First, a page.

The use of federal law enforcement to disrupt protests in defense of Black lives and severely punish protesters carried special weight in the 2020 election, especially for those who were directly impacted by federal charges. An in-depth Buzzfeed profile from September 2020 about Rahman and Mattis noted the defendants understood how their case had been politicized and how “the stakes of the coming election were vastly higher because what happens to their case almost entirely depends on who is president.”
However, the Biden administration has continued to lean on Trump’s rhetoric in the case of these two defendants. At the Oct. 20 hearing, Judge Brian Cogan outlined the factors influencing his sentencing decision and requested a sentencing estimate from federal prosecutors. The prosecutors estimated that each defendant would receive a sentence of 10 years—the maximum that their charge would carry—for the damage done to a single police vehicle. The extraordinary estimate is due in large part to the prosecutors’ inclusion of a terrorism enhancement to sentencing—which was added to the Federal Sentencing Guidelines in 1995 and can dramatically drive up a defendant’s sentence. In an op-ed for the New York Daily News, NYU law professor and former U.S. Sentencing Commission member Rachel Barkow described the terrorism enhancement as an “extreme punishment” that can increase a defendant’s prison sentence tenfold and was designed and historically sought after “in cases that did, or could have easily, resulted in mass death and destruction.” This is a far cry from the case at hand.
Despite accepting the defendants’ plea, federal prosecutors also shared a lengthy chain of text messages sent between Rahman and Mattis on the evening of their arrest wherein they expressed enthusiastic support of the mass demonstrations occurring around Brooklyn as well as shared when they purchased the items that would later be used to craft the Molotov cocktails. The introduction of any evidence—particularly damning information—is rare during a plea acceptance and the decision to do so was condemned by both Cogan and Paul Shechtman, Rahman’s attorney.
While the terrorism enhancement could almost guarantee that Rahman and Mattis would be sentenced to the maximum of 10 years, Cogan noted in court that he has yet to decide where he lands on the issue. However, if Mattis and Rahman are sentenced to 60 months—five years—or fewer, neither defendant will be allowed to appeal their sentence. Among the final statements made at the hearing was a reminder from Shechtman that regardless of the sentencing outcome, both Mattis and Rahman will almost certainly be disbarred and that the loss of their pro bono legal work and legal assistance of low-income tenants is a notable consequence that Cogan should consider.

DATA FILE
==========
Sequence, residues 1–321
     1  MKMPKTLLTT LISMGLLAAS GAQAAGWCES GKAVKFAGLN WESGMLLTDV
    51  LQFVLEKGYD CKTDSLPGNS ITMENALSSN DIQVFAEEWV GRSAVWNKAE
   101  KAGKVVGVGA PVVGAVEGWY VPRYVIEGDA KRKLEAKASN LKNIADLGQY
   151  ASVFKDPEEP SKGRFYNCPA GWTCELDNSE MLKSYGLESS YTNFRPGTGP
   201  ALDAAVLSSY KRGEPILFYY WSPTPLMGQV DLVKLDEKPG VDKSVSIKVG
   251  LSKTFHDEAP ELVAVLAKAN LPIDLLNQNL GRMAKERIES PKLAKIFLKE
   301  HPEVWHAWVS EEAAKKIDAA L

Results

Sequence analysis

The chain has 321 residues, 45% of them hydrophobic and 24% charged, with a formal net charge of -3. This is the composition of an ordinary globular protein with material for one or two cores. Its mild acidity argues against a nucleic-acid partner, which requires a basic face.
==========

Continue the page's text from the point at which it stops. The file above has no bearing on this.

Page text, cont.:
Mattis, Rahman, and the hundreds others who have pending protest-related cases remain at the mercy of federal whims that extend jurisdiction to protect its best interests, rather than those of the people. Supporters and advocates have taken collective action on multiple levels, from packing courtrooms to organizing for the abolition of the JTTF. Yet it’s clear that those at the center of these federal persecutions have already lost much, from dedicated careers to time separated from family and loved ones to their civil rights, as well as their ability to contribute to the welfare of their communities. There will undoubtedly be a long road to rebuild the lives that were forever changed when people took to the streets in demand of an end to the killing, censure, and government impunity that has defined the nation, molded the previous administration, and, clearly, has not been left behind.
Prism is a BIPOC-led non-profit news outlet that centers the people, places, and issues currently underreported by national media. We’re committed to producing the kind of journalism that treats Black, Indigenous, and people of color, women, the LGBTQ+ community, and other invisibilized groups as the experts on our own lived experiences, our resilience, and our fights for justice. Sign up for our email list to get our stories in your inbox, and follow us on Twitter, Facebook, and Instagram.